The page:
No one needs this. There’s just not enough scientific evidence that peptides do much of anything and my own personal experience didn’t wow me. But if you want to try copper peptide on a budget, this is your best option.

The only women who should avoid this at all costs are those who have fuzz on their skin. Copper peptides are known to aggravate that (and that’s the LAST thing you want).

Does The Ordinary Buffet + Copper Peptides 1% Live Up To Its Claims?

This formula combines a comprehensive array of studied technologies to target multiple signs of aging at once. The technologies are direct Copper Peptides, also known as GHK-Cu (Copper Tripeptide-1), Matrixyl™ 3000 peptide complex (with palmitoyl tetrapeptide-7), Matrixyl™ synthe’6™ peptide complex (with palmitoyl tripeptide-38), SYN™-AKE peptide complex (with dipeptide diaminobutyroyl benzylamide diacetate), ARGIRELOX™ peptide complex (with acetyl hexapeptide-8, pentapeptide-18) and a Probiotic complex (with Lactococcus lactis lysate), solubilized in a base of 11 skin-friendly amino acids and multiple forms of hyaluronic acid.  It’s true it contains all these technologies with the aim to target multiple signs of aging. Doesn’t mean they work. Most of the studies supporting these claims come from their manufacturers.
The “Buffet” + Copper Peptides 1% formula differs from our original “Buffet” as this formula includes a 1% concentration of pure Copper Peptides, increasing its focus on overall skin health. The natural role of these peptides as found in human plasma includes supporting a wide range of skin health functions like maintaining normal immune function, collagen synthesis, fibroblast production and anti-inflammatory responses. The inclusion of Copper Peptides offers a natural blue tint to the formula. The total concentration of active technologies in this formula is 26.1%.  True.

Is The Ordinary Buffet + Copper Peptides 1% Cruelty-Free?

Yes. The Ordinary is vegan, cruelty-free and it doesn’t even sell in mainland China, where animal tests are still mandatory.

Price & Availability

£28.99 at Asos, Beauty Bay and Cult Beauty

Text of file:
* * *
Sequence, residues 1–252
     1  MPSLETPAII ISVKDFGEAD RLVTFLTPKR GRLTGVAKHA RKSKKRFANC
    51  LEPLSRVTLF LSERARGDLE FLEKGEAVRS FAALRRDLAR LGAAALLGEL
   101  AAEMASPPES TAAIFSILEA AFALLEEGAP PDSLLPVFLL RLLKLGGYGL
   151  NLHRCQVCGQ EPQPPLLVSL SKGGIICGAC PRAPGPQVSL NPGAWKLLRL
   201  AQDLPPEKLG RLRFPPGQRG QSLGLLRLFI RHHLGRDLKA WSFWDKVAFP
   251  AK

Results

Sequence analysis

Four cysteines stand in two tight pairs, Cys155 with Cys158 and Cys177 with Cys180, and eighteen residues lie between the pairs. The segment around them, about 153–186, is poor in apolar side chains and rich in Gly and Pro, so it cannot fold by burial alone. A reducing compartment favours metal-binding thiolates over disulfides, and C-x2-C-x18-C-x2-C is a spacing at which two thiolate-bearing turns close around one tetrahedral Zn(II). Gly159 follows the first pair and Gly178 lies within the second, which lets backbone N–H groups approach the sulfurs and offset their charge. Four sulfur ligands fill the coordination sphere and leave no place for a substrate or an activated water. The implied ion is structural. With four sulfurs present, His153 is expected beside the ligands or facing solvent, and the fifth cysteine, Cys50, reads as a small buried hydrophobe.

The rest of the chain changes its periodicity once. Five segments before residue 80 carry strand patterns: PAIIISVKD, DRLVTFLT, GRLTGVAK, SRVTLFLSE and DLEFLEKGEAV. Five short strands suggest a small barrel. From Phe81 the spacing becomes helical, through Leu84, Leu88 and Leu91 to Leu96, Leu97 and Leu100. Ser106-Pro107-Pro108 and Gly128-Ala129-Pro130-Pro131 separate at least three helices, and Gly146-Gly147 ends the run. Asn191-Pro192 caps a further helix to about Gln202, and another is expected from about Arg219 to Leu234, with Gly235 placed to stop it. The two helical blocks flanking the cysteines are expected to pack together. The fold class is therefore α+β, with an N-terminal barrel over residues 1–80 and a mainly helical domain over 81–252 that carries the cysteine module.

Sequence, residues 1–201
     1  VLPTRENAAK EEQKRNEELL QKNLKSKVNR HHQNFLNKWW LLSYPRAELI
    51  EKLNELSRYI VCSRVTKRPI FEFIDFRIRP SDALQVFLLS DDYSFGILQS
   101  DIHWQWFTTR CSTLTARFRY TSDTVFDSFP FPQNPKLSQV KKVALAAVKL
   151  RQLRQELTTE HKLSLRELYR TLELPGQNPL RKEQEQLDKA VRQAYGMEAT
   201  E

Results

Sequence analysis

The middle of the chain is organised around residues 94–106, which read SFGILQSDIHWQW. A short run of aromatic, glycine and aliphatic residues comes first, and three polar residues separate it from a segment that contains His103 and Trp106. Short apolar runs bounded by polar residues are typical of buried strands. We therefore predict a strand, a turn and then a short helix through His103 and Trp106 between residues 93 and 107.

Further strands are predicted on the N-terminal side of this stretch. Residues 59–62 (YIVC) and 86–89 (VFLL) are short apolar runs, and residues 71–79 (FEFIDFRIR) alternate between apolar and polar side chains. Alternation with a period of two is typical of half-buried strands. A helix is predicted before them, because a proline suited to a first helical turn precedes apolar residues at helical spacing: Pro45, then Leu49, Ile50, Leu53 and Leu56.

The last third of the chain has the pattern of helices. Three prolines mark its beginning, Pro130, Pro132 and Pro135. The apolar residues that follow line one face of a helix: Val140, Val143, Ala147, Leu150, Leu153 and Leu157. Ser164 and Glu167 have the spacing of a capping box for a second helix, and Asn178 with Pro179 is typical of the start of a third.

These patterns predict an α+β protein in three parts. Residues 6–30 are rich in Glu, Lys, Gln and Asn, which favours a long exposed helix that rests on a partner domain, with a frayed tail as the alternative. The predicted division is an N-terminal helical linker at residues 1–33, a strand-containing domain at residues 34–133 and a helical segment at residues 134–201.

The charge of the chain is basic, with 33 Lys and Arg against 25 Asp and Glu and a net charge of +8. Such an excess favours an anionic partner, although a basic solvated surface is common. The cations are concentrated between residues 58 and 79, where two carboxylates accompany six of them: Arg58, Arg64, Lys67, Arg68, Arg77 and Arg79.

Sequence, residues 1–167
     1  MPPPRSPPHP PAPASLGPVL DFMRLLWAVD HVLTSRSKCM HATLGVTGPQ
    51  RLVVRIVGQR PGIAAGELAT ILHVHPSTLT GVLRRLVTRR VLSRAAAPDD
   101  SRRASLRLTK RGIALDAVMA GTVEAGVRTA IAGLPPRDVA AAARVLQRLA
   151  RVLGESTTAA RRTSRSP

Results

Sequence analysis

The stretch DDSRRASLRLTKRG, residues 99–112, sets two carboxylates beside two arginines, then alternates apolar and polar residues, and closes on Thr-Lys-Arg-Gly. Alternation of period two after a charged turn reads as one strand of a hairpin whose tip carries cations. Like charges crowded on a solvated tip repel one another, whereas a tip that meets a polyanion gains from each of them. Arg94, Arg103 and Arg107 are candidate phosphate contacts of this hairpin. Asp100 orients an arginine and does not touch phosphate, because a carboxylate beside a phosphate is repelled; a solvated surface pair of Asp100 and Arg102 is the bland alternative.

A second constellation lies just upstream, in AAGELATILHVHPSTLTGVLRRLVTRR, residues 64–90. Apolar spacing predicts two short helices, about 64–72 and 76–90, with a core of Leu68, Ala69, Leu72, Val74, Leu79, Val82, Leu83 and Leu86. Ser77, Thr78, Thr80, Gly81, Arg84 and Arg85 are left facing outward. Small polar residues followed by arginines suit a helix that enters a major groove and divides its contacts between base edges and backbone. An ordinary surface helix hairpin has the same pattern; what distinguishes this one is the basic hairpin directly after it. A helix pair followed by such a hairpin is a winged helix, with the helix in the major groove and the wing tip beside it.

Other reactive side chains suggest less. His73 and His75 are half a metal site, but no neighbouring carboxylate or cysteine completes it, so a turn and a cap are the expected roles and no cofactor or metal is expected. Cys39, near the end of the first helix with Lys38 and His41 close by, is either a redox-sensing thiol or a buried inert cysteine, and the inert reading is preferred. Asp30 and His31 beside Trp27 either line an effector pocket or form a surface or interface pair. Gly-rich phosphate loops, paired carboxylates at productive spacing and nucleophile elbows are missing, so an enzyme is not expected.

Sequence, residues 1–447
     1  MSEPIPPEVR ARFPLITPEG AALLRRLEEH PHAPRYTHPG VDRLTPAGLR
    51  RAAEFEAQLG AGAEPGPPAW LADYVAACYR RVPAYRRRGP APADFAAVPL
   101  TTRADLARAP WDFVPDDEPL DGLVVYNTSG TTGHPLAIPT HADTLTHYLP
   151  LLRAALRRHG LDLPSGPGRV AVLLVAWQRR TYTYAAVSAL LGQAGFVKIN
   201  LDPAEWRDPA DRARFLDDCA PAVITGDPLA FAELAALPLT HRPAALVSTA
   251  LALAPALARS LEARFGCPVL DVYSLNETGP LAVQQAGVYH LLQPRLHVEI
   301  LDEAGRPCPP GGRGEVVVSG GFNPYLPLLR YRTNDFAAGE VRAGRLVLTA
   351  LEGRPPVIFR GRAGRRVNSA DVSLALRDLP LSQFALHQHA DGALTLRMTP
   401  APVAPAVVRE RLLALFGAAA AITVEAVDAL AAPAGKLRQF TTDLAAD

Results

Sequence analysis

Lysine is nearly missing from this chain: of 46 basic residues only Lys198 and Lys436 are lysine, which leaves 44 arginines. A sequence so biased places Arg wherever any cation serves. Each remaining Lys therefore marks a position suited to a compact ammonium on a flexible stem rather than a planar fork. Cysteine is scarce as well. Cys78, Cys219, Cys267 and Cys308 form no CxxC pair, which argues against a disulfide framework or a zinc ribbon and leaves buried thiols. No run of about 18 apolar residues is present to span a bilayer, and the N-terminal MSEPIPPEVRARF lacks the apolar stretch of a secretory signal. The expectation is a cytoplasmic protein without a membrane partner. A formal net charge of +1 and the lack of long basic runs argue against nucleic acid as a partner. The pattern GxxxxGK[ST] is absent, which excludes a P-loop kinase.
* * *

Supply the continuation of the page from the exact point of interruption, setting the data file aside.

The Verdict: Should You Buy It?

I’m not convinced anyone needs peptides in their skincare routine. But if you want to try them anyway, this is a good way to do so without breaking the bank.

Dupes & Alternatives

I couldn’t find a cheaper alternative for

  • Good Molecules Super Peptides Serum ($12.00): This is a simpler formula that only contains 3 peptides, including a copper peptide. I don’t expect the peptides to do much, but the formula is more hydrating. If you’re looking for a hydrating serum anyway, you may just as well try and see if the peptides do anything extra for you. Available at Ulta.
  • NIOD Copper Amino Serum 2:1 (£38.00-£60.00): I know this is more expensive, but it works way better than The Ordinary Buffet + Copper Peptides 1%. You can read my full review here. This is something I’ve actually repurchased myself a few times now. Available at Beauty Bay.


Aqua (Water), Glycerin, Lactococcus Ferment Lysate, Copper Tripeptide-1, Acetyl Hexapeptide-8, Pentapeptide-18, Palmitoyl Tripeptide-1, Palmitoyl Tetrapeptide-7, Palmitoyl Tripeptide-38, Dipeptide Diaminobutyroyl Benzylamide Diacetate, Acetylarginyltryptophyl Diphenylglycine, Sodium Hyaluronate Crosspolymer, Sodium Hyaluronate, Allantoin, Glycine, Alanine, Serine, Valine, Isoleucine, Proline, Threonine, Histidine, Phenylalanine, Arginine, Aspartic Acid, Trehalose, Fructose, Glucose, Maltose, Urea, Sodium PCA, PCA, Sodium Lactate, Citric Acid, Hydroxypropyl Cyclodextrin, Sodium Chloride, Sodium Hydroxide, Butylene Glycol, Pentylene Glycol, Acacia Senegal Gum, Xanthan Gum, Carbomer, Polysorbate 20, Dimethyl Isosorbide, Sodium Benzoate, Caprylyl Glycol, Ethylhexylglycerin, Phenoxyethanol, Chlorphenesin